Hope sat on the soccer field with her 35 eighth grade classmates, grouped by team. She considered the other kids from her grade who were Seeds: A handful of sports-y boys and girls who played on Eden’s club soccer or little league teams, like Ginger O’Brien and Armand Otero; their class vice-president, Kyle Collins, and Abby Diamond, number one in Girl Scout cookie sales for the entire valley every year since third grade. All pretty nice kids. As for the Apples, they had wrestler Justin Ferro, the entire track and field team, class president, Peter Wu-Boyle, and twins Suki and Didi Wilmerding, the uncontested stars of every JAMS class play since first grade. They had a lock on the talent competition. Last but not least, there was the ruling trinity of JAMS social scene: Melany Dunmore, Tiffany Rodriguez, and Bethany Bubak, or as Hope thought of them, the “‘Anys”. Melany was JAMS’ undisputed Queen Bee, complete with sting.
“What are you staring at, Hill?” demanded Tiffany, who at 5’1” and 92 pounds was the trio’s tiny enforcer. She could cut you down to size with a single glance of her piercing black eyes. Her favorite target was the cafeteria staff; she once threw a full-on hissy fit when Javier, one of the servers, inadvertently splashed gravy on her sleeve. She unleashed a stream of Spanish abuse on the blushing old man, then loudly translated into English for the benefit of her friends: “I told him he’s a moron, and he smells, and he needs to take a shower and then go home and practice ladling gravy on plates, if he owns any plates.” The ‘Anys collapsed into self-satisfied titters. Other students did their best to look away.
“Hopeless, I’m talking to you,” Tiffany hissed. A movement in the trees on the far side of the field caught Hope’s eye. A light breeze was picking up. Puffy clouds floated soundlessly. Hope liked the way most of the tree trunks grew crooked, tactfully leaning around each other towards the sun. She wished she were sitting over there in the shade, maybe reading, or just listening to the birds.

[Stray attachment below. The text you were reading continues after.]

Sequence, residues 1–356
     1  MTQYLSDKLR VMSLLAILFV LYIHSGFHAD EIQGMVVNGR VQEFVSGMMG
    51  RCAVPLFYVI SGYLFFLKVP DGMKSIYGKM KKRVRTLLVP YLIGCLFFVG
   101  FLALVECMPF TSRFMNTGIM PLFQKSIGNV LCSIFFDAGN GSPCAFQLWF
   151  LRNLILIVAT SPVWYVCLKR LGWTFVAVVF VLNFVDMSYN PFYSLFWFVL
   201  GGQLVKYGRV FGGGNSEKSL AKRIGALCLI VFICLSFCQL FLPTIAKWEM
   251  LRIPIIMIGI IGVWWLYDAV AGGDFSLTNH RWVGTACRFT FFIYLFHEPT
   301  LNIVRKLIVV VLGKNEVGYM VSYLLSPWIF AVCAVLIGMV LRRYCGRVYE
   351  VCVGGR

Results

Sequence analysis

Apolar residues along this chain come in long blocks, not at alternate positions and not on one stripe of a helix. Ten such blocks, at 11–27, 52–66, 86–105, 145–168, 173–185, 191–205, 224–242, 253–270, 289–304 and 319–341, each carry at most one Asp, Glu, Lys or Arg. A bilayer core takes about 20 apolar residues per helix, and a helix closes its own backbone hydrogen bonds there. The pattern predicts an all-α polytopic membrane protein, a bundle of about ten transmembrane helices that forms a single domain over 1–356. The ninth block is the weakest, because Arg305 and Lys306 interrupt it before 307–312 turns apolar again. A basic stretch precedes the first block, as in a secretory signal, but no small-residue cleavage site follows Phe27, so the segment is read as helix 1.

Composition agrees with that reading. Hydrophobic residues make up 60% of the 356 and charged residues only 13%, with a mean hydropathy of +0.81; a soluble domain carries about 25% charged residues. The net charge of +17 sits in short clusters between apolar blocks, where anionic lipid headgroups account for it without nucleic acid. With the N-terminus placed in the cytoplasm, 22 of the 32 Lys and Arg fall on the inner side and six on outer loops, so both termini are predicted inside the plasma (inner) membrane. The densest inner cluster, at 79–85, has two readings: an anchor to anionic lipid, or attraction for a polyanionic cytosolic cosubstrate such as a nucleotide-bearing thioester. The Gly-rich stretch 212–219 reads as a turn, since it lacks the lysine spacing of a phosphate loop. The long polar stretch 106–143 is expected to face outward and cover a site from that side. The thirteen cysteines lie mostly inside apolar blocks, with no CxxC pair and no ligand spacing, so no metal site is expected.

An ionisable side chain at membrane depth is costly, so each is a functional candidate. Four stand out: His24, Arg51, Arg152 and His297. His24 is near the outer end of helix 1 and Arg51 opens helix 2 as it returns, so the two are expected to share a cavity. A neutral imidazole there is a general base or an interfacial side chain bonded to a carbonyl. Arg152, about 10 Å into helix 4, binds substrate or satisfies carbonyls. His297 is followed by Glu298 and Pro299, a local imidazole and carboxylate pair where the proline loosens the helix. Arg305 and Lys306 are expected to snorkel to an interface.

“I’m not sure if she can hear you, Tiff, she’s wack, remember?” said Bethany. “Hopeless, HOPELESS!” Bethany leaned over and snapped her fingers in Hope’s line of vision. Hope turned her gaze wordlessly to Bethany and quietly stared.
“Jeez, you’re so weird. You creep me out,” said Bethany, disconcerted. Hope smiled to herself. She loved how the wordless stare unnerved people.
“Nice one,” whispered Nolan Colón from Hope’s other side, a fellow loser by virtue of his unfortunate last name, which actually didn’t rhyme with Nolan, but what snarky elementary schooler could resist the obvious smear? The Colón family owned a working dairy farm on the far side of Eden; like Hope, Nolan was a kid who worked early mornings and late evenings, with the dirty fingernails and animal odors to prove it.
Hope widened her eyes at him in a deliberately spooky expression that made him laugh.
In the background, Mr. Z droned on about sportsmanship and community, about there being no winners or losers, about character building and equal opportunities for “all JAMmers to shine.” This was fine with Hope – the longer his pep talk, the safer she was from the inevitable moments of humiliation she knew lay ahead. An ant climbed a blade of grass near her foot, hefting a crumb twice its size. Hope was mesmerized by his trek. Where did he think he was going? He’d get to the top of one blade, scurry down, and then climb the next one. An exercise in facing insurmountable odds with endless effort, she thought to herself. Like me. Maybe an ant is my spirit animal, she thought grimly.
“HOPE HILL!” Mr. Z bellowed. Hope snapped to attention and realized that her classmates were standing, arranged in little groups of three to six students each. Everyone started giggling as she scrambled to her feet in confusion. “Glad you could join us,” Mr. Z said cheerily, and with some affection – when he was not coaching sports, Mr. Z was the life science teacher, and Hope was one of his star students.
“You’re in group five, with Nolan and Ruby Feingold,” he said patiently.
“Losers!” Justin Ferro, team captain for the Apples pretended to sneeze the word into his sleeve, to the great amusement of the ‘Anys.